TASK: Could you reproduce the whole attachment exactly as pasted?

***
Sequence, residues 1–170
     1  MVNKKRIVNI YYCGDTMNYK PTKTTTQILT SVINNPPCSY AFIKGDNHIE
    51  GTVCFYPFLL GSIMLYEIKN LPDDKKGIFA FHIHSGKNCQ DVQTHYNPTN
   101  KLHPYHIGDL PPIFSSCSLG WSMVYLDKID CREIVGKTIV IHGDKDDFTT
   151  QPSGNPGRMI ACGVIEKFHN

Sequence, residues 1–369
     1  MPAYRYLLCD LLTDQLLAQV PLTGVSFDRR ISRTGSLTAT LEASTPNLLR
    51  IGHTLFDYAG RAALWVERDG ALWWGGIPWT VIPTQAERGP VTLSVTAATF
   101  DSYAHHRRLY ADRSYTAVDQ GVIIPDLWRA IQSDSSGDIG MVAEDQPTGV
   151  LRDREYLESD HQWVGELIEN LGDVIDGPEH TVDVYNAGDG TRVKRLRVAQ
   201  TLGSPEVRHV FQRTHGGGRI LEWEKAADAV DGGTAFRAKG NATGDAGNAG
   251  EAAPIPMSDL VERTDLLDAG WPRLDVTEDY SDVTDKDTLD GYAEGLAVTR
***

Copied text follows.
Sequence, residues 1–170
     1  MVNKKRIVNI YYCGDTMNYK PTKTTTQILT SVINNPPCSY AFIKGDNHIE
    51  GTVCFYPFLL GSIMLYEIKN LPDDKKGIFA FHIHSGKNCQ DVQTHYNPTN
   101  KLHPYHIGDL PPIFSSCSLG WSMVYLDKID CREIVGKTIV IHGDKDDFTT
   151  QPSGNPGRMI ACGVIEKFHN

Sequence, residues 1–369
     1  MPAYRYLLCD LLTDQLLAQV PLTGVSFDRR ISRTGSLTAT LEASTPNLLR
    51  IGHTLFDYAG RAALWVERDG ALWWGGIPWT VIPTQAERGP VTLSVTAATF
   101  DSYAHHRRLY ADRSYTAVDQ GVIIPDLWRA IQSDSSGDIG MVAEDQPTGV
   151  LRDREYLESD HQWVGELIEN LGDVIDGPEH TVDVYNAGDG TRVKRLRVAQ
   201  TLGSPEVRHV FQRTHGGGRI LEWEKAADAV DGGTAFRAKG NATGDAGNAG
   251  EAAPIPMSDL VERTDLLDAG WPRLDVTEDY SDVTDKDTLD GYAEGLAVTR